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RMOC – Importance of Avalanche Education

Dillon Geiger 

Are you getting nervous about getting priced out of pow at your local resort?  Thinking that earning your turns may be the better option for you?  Well venturing into the untouched snow and pristine beauty of the backcountry environment certainly provides skiers and snowboarders with loads of fresh turns without paying for a lift ticket. However, the snow-covered mountains can be a place of extreme danger and unpredictability. 

In the wintertime, snow avalanches are the biggest hazard to backcountry recreationists due to the threat of being buried alive or being violently thrown down a mountainside. Therefore, pursuing an avalanche safety course could be the difference between experiencing the absolute fun of deep fresh turns, or the experience of complete catastrophe and life-ending trauma.

Avalanches are a critical and natural component of every mountain environment and they have a lot of benefits such as the clear-cutting of fire breaks in forested terrain, the downhill transportation of water resources, and the consolidation of snow for seasonal runoff that feeds streams and rivers through the warmer seasons. When considering the environmental benefits of avalanches, it is easy to see how they benefit the health of the mountain environment and the local communities. However, aside from the environmental benefits, avalanches are very hazardous to people and can be extremely deadly.

In recent decades, advancements in avalanche forecasting and hazard mitigation across the country have helped decrease the damage done by avalanches on mountain infrastructure such as ski resorts and highway corridors. However, avalanche accidents and fatalities have significantly increased with people who venture outside the ski boundary and into the backcountry environment. Due to the growing popularity of backcountry sports and the physics behind avalanche formation and triggers, more skiers and snowboarders are dying in avalanches than any other user group.

Backcountry touring has become very popular due to the impeccable snow, the raw nature, and the intense experiences, but the reason why skiers and snowboarders get caught in avalanches is that the slope that is generally the best for good turns is at the perfect angle for weakly bonded snow layers to avalanche or slide down the mountain. Additionally, the majority of avalanches require a trigger point or any type of load to release, like a skier ripping a fresh turn.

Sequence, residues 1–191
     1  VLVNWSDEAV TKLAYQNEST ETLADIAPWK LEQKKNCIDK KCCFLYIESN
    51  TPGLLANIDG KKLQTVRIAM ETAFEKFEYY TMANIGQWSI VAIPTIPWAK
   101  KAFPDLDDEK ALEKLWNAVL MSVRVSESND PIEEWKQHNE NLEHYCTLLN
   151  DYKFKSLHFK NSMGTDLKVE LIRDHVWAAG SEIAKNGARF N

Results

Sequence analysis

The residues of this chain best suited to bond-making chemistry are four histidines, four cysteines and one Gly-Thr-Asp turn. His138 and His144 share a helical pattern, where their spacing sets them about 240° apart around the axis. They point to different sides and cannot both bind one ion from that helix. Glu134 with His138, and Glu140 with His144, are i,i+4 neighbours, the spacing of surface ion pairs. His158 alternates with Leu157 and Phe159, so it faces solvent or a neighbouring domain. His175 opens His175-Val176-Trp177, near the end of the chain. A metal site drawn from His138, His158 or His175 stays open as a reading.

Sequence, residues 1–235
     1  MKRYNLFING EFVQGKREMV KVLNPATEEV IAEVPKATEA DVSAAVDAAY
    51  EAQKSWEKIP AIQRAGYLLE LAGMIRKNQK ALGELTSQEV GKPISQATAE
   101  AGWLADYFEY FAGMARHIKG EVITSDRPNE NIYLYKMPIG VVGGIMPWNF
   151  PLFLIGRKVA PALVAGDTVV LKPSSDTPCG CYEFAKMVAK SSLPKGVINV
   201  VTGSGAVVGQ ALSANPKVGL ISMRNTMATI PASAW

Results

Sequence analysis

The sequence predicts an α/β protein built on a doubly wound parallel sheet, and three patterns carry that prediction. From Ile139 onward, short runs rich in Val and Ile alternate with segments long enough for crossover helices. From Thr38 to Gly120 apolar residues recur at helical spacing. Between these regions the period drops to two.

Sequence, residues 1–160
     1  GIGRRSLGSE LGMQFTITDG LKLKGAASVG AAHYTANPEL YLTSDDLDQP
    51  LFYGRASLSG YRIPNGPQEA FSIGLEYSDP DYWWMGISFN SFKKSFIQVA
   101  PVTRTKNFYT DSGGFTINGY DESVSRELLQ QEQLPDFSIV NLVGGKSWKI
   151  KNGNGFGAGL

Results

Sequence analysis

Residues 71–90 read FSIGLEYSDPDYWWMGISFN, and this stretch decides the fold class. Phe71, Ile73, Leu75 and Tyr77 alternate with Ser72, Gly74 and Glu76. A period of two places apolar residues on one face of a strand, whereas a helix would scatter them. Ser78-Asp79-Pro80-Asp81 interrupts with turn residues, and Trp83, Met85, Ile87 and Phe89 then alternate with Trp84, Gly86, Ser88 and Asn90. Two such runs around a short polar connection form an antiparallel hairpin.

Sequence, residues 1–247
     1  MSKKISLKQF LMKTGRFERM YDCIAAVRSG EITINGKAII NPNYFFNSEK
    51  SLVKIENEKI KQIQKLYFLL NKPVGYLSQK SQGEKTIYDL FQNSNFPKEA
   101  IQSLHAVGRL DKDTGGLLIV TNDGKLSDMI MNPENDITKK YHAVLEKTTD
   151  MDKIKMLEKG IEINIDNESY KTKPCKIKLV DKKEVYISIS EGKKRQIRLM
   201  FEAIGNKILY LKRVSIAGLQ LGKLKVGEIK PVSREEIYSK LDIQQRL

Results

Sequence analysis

With growing popularity and imminent danger, backcountry skiers and snowboarders must get the right gear to safely tour the mountains and take an educational course on avalanche hazards and rescue practices. Although skiing and snowboarding place users directly in avalanche terrain due to sport involvement and slope necessity, there is still a possibility of triggering an avalanche any time someone ventures into the backcountry.

If you are a winter backcountry recreationist including skiers, snowboarders, ice climbers, snowmobilers, or snow-shoers, it is paramount that you consider taking avalanche rescue equipment with you into the backcountry. These pieces of gear include an avalanche beacon or transceiver, a snow shovel, and a probe. However, these pieces of gear are useless without the right education and practice. 

The Rocky Mountain Outdoor Center (RMOC) has many courses and opportunities for those looking to dive into backcountry sports to gain the necessary avalanche education and rescue practice. These include Intro and AIARE Prep, AIARE Rec 1, AIARE Rec 2, and an AIARE Rescue Course. If you are interested in learning more about our avalanche education course offerings click this link

But wait, since the winter season is almost over, what is the importance of taking a course now? Taking a course in the middle of the season is the perfect time to gain the necessary skills when there is enough snow to effectively practice rescue scenarios and to begin introducing you to the nuances of snow stratigraphy for next season. Lastly, If you are not interested in rescue practice and avalanche educational courses but still want an experienced guide to take you out then click this link to learn more about our guided winter trips.

The raw snow-covered mountains do not have to be an intimidating place.  With proper training you can have confidence in your ability to find safe terrain and to perform a rescue.  Check out avalanche education from your friends at RMOC.

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